Review – Deepspace5 ‘The Future Ain’t What It Used To Be’
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Deepspace 5 is back with another classic crew album with all in house production and raps. When you have a crew of emcee’s to represent, you get diversity in flow and production. This is the first offering from DS5 on the newly formed Mega Royal Records, headed by Dallas’ own Rob Viktum, who is known for his Viktumized remix albums. This is Deepspace5’s fourth crew album, even though each individual artist and the many sub crews have put out too many albums to name or try to number. When you listen to a group album, ideally you end up having your favorite rappers and sounds that stand out with each individual. This album is fresher than many of their previous albums, which may be a result of having several years both together and apart to hone their skills as emcees and producers. From Playdough’s stylistic singing to Listener’s “talk music,” styles vary and are complimentary. The crew brought seasoned raps full of metaphors and emotion. This album is a stand out this year.
The whole crew comes through to give the album a “Spit Shine.” This album is full of metaphors and references to written and verbal composition. It appears that Playdough, manCHILD and Listener were chosen to handle the hooks which provides some consistency to the signature sound DS5 provides the listener. Following the Intro, the album starts of with some force as the first track kicks you into the crews tenacious tag team word play on the upbeat “From The Outside.” With a nice soulful sample, which features the whole crew representing with rapid fire delivery and punchlines galore, I can see why this was the single. The catchy upbeat groove and rhythm of the rhymes bring texture to the track. The video to this track is really nice, and done in-house by DustBrand Films.
I’ll walk you through the highlights of the album for me…
“Ohgeez” is my favorite cut on the album. The hook sung by Playdough goes: “Watch out the veteran O G’s / looking real tough like O G’s / People Can’t Say Nothing but Oh Geez / Down For A Minute oh gee O G’s.” This is a dope track and cut. The verses are caught nicely between the horns and march step rhythms. The track sounds like House Of Pain’s “Jump Around” got slowed down and chopped. I love the sound and how the emcee’s deliver content that features “Leave It To Beaver” esque references to being veteran rappers with a little sample from “Nuthin But A G Thang.”
“Beat The Rap” Is a dope down the line crew cut, in which each emcee spits like a defense attorney tryna beat the case. There’s a lot of double time flows over this catchy track. The most convincing argument comes from Sintax.The.Terrific, which by day, is a lawyer practicing commercial litigation.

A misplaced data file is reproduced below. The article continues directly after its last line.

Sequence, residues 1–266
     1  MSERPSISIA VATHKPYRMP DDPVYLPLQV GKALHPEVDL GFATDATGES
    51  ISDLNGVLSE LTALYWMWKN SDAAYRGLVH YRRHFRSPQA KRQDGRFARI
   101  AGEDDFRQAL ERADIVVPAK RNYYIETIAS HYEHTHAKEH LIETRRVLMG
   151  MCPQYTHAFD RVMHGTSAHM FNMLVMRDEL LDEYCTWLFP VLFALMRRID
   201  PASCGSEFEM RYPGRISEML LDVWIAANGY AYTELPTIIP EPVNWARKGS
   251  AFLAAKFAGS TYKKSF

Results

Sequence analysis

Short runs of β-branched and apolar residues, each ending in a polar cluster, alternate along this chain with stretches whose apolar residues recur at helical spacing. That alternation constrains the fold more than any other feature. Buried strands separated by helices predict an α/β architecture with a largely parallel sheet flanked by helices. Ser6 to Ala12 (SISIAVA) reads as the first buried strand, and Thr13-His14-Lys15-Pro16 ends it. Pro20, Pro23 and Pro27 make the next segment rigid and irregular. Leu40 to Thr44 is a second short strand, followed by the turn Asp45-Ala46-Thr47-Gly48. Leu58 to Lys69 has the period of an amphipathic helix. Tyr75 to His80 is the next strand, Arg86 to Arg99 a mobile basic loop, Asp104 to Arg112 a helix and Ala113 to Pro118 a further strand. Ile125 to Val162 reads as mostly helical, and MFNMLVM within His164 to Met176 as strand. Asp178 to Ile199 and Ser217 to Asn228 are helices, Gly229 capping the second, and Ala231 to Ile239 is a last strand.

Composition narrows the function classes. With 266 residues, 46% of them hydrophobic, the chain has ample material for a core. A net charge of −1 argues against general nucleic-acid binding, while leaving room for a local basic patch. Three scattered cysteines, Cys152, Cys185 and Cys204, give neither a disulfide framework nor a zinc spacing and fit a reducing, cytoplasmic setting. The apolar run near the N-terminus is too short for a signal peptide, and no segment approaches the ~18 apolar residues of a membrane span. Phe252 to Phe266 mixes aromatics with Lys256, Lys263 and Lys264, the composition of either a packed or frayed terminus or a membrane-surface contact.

“Punch Drunk” starts out with manCHILD leading the pack on another track, and Playdough does his sing song rap with a little rock edge declaring that he’s, “Punch Drunk living water out a plastic cup.” I liked the bridge, “We are God’s people, we are love people, we are just people, we are just people.” Sintax’s verse is terrifically dope and probably my favorite verse of the whole album.
“Natural Selection” Is a dope track, that takes you through a history of recording audio sounds, as each emcee tackles a topic all the way from vinyl to the old 8 track, highlighting facts you might not know, to the present digital download divide. This is the illest concept track I’ve heard in a long time. You could call this Darwins manual to “the survival of the fittest music recording equipment.”
“And It Was Good” has the crew tackling the topic of creation, as each Emcee tackles one day each out of the six days of creation declaring that “It Was Good.”
The Beat Breakdown.
Beat Rabbi, Dust and Fred Bruno handle a majority of the production, with one beat offering from Harry Krum (also known as Playdough). The one draw back to having multiple producers on a album is that the sound can vary from track to track which can be good at times and distracting at others. For the most part Dust and Beat Rabbi’s production hold the album together providing uniform sound and consistency. The spaced out Intro features Listener over some futuristic sounds and kind of stands out from the album as a whole. Of course Dust’s production features soulful rock samples that tend to have an old school skating rink vibe.
Beat Rabbi clearly produced some of the hardest tracks of this album. “Spit Shine” is the first track that features the Rabbi’s production, and it hits pretty hard with a strong rock sample and a tambourine shake over the snare sound in the background. This track has some nice cuts on it. “Black Magic” has a pretty raw guitar sample with some bass, its a dark and moody track. The track “Ohgeez” hits hard, its got some bang to it, and I had this track on repeat. I love both the sample and beat.
Overall the album has a very consistent and very enjoyable sound. This album almost captures the same vibe that ‘Night We Called It A Day’ did with a whole new sound and concept. This album is definitely a classic that adds to the already solid collection of the Deepspace5 crew.
Label: Mega Royal Records
Release Date: April 27, 2010
1. Introducing Fhe Future
2. From The Outside (produced by Dust)
3. Spit Shine (produced by Beat Rabbi)
4. Lord Willing (produced by Dust)
5. Black Magic (produced by Beat Rabbi)
6. Oh Geez (produced by Beat Rabbi)
7. Punch Drunk (produced by Playdough)
8. Killing With Kindness (produced by Freddie Bruno)
9. Beat The Rap (produced by Dust)
10. Natural Selection (produced by Beat Rabbi)
11. All You Can Eat (produced by Freddie Bruno)
12. Geronimo (produced by Beat Rabbi)
13. Body Double (produced by Freddie Bruno)
14. And It Was Good (produced by Dust)
15. Where Amazing Happens (produced by Dust)